WHAT SECRETS MIGHT THE KURSK STILL HOLD?

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Viktor Baranets Komsomolskaya Pravda, February 22, 2002, p. 4

Waving a hand in the direction of rusty fragments of the aft compartment of the Kursk last Monday, Prosecutor General Vladimir Ustinov announced that the investigators were through with their examination. The investigation now has to answer the most difficult question: what caused the explosion?

Waving a hand in the direction of rusty fragments of the aft compartment of the Kursk last Monday, Prosecutor General Vladimir Ustinov announced that the investigators were through with their examination of the submarine and that the cause of the disaster was “more or less clear”.

Ustinov’s statement that the investigation had failed to find evidence of foreign submarines approaching the Kursk killed the admirals’ pet theory of collision. Ustinov did away with another theory as well – that the Kursk had been sunk by a missile dropped on it by the Pyotr Veliky or fired by another submarine of the Northern Fleet. (Investigators examined the load of absolutely all surface vessels and submarines involved in the exercise. All missiles, bombs, and torpedoes were accounted for.) The “fat” torpedo that blew up in the Kursk is therefore the major theory now. Navy Commander Admiral Vladimir Kuroyedov indirectly confirmed the assumption (that it was precisely a 65-76 torpedo that went off) by saying at the press conference that “The trust of the Navy Command in the hydrogen peroxide torpedo was misplaced.”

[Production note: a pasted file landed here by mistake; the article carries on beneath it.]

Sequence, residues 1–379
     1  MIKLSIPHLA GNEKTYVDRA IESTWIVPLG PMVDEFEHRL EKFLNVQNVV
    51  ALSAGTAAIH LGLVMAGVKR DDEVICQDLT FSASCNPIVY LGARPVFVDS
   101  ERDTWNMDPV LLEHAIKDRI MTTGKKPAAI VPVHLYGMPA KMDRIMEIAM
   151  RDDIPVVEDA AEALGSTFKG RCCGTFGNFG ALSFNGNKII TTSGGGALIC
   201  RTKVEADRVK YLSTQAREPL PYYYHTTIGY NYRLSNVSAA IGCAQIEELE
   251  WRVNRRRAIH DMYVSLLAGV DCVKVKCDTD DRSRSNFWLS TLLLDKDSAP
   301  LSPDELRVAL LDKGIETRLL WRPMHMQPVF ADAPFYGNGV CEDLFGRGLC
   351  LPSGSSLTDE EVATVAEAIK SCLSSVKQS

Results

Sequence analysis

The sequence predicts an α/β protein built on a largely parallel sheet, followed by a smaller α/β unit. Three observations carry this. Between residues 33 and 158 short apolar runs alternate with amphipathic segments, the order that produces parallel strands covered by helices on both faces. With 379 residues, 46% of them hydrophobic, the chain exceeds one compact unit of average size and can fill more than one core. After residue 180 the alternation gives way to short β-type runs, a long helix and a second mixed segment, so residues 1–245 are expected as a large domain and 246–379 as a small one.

Kuroyedov ordered all 65-76s taken off combat duty, a fact revealing in itself (the British Navy did so in 1955, right after the first accident involving a hydrogen peroxide torpedo).

The investigation now has to answer the most difficult question: what caused the explosion?

Investigators are now looking at several theories:

– The torpedo might have been damaged in the process of loading.

– Before the torpedo exploded, the submarine found itself in an emergency and had to dive. The depth was only 154 meters, too shallow for the submarine. It struck the seabed and damaged the torpedo tube with the 65-76 already in it. The torpedo went off on impact.

– Experts do not discount another possibility as well. The matter may concern faulty lubrication of the torpedo tube. Mixed with the leaking hydrogen peroxide, it could result in instant conflagration and explosion.

There are many secrets the Kursk has not revealed yet.

Investigators and experts have so far failed to reach on agreement on what could damage the hull of the submarine and effectively prevent the docking of deep-sea rescue craft.

At the same time, investigation has collected a pile of evidence showing that preparation of the Kursk for the exercise was accompanied by the usual Russian irresponsibility and chaos, which became a prelude (or perhaps even the major cause, in the final reckoning) to the destruction of the nuclear submarine.

This irresponsibility somewhat taints the heroic images of some submariners, but it is the truth. The submarine’s captain and officers did not comply with all provisions of the orders of defense minister, Navy commander, and even safety regulations. The rescue buoy firing system was turned off, and the Navy was all but blind when the submarine had to be found. There were other faults found as well. Unfortunately, not one of them answer the major question. What destroyed the Kursk?

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